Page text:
Wednesday, 22 January 2020 13:02

Mastering Microcurrent: Understanding physiology and application for optimal outcome

Written by  

The use of microcurrent in medicine and cosmetic improvement has been studied for more than 50 years. Stimulation with microcurrents is also called biostimulation or bioelectric therapy because it encourages cell physiology and growth. Essentially, microcurrent is a low level of electrical current that mirrors the natural current flow of the body. It serves as a noninvasive augmentation of the body’s natural electrophysiology through frequency, polarity balancing, and homeostasis. The effects of microcurrent (electroporation) in clinical medicine have demonstrated acceleration of healing bone tissue, wound healing, muscle rehabilitation, TMJ, tendon repairs, lymphedema, diabetes, and collagen remodeling.1,2 Nevertheless, microcurrent or microamperage electrical neuromuscular stimulator unlocked an exciting pathway to what may be possible for supporting the health and well-being of the skin. It also showed great potential for an aging population, as well as medical applications for supporting wound healing and pain management. The technology encourages a gentle energetic nudge to recharge cellular activity through mimicking the body’s own bioelectric current.


Microcurrent helps stimulate the body to manufacture and utilize proteins and nutrients required for optimal cell metabolism and it supports cell homeostasis. Marked improvement is found through increased circulation (lymph-blood), increased adenosine triphosphate synthesis, reduction of inflammation, increased fibroblastic activity, and more. Microcurrent is also beneficial for medical indications such as neuropathy, inflammation, healing (such as in pressure ulcers), stimulating bone repair, or management of pain.3,4,5,6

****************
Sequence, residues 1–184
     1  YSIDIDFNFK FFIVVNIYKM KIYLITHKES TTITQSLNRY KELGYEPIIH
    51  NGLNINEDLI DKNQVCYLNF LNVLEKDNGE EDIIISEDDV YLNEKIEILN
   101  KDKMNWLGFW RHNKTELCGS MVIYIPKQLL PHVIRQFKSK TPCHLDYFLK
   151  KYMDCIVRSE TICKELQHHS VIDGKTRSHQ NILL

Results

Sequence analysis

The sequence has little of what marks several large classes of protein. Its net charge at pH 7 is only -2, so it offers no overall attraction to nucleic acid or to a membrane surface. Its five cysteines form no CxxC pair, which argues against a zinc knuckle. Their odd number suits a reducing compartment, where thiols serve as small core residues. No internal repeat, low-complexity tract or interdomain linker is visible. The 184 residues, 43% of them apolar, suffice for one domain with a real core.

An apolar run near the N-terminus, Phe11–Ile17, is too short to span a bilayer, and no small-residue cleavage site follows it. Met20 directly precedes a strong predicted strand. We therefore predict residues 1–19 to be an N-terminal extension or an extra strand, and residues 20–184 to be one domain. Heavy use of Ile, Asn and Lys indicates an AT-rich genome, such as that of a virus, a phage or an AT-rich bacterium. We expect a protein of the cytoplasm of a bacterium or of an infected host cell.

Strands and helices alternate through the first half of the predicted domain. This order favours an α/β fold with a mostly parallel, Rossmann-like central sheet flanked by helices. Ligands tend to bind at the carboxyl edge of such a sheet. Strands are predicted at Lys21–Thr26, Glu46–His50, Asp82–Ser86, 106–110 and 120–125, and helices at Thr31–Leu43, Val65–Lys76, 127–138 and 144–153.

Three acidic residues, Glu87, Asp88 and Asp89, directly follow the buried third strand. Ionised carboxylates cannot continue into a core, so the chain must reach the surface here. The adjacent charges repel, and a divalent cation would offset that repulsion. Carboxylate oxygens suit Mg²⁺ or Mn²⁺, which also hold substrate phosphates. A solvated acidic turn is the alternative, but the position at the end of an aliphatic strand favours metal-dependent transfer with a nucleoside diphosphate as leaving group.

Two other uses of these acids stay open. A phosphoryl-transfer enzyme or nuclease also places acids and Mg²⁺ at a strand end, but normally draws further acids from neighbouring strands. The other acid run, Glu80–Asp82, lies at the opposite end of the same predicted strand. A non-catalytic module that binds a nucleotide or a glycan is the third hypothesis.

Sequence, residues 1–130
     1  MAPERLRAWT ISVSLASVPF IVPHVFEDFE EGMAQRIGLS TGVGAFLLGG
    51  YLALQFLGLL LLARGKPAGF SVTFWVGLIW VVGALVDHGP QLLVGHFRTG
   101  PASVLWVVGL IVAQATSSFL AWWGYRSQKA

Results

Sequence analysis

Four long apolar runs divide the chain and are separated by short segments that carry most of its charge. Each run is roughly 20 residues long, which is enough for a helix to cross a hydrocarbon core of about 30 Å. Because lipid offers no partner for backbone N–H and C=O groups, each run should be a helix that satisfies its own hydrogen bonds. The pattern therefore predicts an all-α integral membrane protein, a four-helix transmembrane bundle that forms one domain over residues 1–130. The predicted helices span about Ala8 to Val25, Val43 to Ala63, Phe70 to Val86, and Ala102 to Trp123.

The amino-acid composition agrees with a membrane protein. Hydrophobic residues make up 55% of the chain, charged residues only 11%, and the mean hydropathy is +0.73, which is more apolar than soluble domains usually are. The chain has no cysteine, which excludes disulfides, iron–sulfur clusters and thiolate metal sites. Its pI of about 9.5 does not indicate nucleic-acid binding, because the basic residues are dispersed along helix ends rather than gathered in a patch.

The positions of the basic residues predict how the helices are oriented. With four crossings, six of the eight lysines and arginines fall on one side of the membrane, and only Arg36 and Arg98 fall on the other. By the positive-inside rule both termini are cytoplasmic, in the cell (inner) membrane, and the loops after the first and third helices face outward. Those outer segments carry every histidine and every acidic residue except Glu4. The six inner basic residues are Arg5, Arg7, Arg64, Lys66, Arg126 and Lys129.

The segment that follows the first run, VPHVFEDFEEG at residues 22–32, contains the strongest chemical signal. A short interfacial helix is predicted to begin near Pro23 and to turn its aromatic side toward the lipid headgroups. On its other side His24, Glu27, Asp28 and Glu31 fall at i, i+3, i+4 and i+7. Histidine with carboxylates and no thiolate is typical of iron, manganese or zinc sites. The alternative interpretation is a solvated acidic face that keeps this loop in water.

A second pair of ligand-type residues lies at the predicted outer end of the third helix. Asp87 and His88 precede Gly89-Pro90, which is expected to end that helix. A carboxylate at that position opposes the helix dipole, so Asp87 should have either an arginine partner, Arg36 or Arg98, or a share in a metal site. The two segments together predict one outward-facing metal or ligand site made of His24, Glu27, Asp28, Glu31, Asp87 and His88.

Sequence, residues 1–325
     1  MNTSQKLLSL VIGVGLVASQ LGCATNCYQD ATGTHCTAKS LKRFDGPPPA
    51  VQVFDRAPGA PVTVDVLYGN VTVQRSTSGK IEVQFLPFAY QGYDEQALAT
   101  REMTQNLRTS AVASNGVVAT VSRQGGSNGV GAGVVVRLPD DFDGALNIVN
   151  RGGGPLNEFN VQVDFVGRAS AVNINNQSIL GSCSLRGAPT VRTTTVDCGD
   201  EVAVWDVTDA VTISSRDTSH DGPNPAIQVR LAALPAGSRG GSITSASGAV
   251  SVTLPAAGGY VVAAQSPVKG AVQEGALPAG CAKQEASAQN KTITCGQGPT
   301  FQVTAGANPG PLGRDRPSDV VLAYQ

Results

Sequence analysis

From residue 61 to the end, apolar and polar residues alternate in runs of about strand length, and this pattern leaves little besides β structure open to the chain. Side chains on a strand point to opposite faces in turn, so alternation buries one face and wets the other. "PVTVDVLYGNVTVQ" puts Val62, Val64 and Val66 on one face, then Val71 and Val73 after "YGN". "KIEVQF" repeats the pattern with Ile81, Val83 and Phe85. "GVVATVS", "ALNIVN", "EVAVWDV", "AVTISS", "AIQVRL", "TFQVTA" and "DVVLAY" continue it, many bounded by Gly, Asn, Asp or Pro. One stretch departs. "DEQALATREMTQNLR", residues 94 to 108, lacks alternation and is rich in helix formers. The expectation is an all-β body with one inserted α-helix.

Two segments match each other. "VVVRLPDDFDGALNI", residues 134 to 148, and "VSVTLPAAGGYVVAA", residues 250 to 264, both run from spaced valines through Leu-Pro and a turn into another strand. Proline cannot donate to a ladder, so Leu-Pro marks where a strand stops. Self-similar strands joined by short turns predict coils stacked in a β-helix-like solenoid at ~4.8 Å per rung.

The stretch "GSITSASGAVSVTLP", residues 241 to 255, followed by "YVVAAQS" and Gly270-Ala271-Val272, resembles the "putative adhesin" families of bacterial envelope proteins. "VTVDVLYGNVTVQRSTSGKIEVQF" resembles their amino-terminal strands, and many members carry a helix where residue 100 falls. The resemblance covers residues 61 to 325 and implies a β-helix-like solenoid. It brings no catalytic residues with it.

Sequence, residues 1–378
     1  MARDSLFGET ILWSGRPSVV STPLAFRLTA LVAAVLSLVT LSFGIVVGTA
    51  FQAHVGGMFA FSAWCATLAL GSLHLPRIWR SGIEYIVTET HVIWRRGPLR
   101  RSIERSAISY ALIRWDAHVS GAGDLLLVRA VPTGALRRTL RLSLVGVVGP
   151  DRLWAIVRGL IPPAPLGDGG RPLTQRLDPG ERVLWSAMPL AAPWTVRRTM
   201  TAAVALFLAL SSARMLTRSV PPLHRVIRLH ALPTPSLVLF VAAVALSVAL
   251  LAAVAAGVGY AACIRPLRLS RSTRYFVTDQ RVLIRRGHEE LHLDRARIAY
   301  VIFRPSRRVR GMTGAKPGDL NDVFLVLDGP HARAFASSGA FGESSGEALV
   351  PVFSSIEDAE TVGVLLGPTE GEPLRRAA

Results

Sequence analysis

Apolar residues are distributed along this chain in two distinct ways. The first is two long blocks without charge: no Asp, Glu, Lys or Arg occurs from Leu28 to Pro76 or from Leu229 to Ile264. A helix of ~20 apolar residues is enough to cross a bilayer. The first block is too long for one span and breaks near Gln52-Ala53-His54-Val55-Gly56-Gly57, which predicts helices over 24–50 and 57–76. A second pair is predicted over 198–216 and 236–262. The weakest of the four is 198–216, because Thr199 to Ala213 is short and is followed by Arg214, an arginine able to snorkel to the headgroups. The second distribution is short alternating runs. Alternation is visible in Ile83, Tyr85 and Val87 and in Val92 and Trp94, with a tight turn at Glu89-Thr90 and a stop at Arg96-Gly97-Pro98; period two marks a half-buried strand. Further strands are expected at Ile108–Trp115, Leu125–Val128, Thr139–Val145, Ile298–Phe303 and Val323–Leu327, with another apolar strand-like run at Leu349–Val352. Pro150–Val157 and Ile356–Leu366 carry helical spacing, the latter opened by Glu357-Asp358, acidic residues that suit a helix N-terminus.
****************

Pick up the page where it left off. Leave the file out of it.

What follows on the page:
Electricity in human and animal tissue has been a topic of exploration for over 200 years. Understanding the principles of this science within the cells contributes to the appreciation of how all electrical devices stimulate and interact with tissue. Application and purpose of a device varies depending upon its intended use and who can use it. Microcurrent devices may be designed for supporting the healing of pressure ulcers and chronic wounds or for stimulating bone repair or management of pain. Others may be designed for cosmetic purposes, whereby they are beneficial for face lifting, muscle re-education, and overall tissue enhancement, as well as use for pre-and post-surgery care after cosmetic surgery.


Microcurrent is a noninvasive, nonthermal, and subsensory therapeutic treatment that delivers direct pulsed current in the millions of an amp called a microamp. It is subsensory, meaning it is normally not felt because the current is delivered in microamperage and is not able to incite nerve response. Instead it impacts biological activity. It also does not cause muscles to jump. Intensity levels for microcurrent can range from 25 to 1000 microamps depending upon the application. Manufacturers of these devices design them with variable programmable features and hand pieces. Microcurrent devices also require clearances and classification to ensure they are truly a microcurrent machine. Be mindful that some devices are misclassified and may not be a true microcurrent. Professional devices should be specifically engineered by a reputable company to ensure that an environment is created in the tissue that supports optimum response.



Wave Form Precision and Shape: How Waveforms are Delivered7,8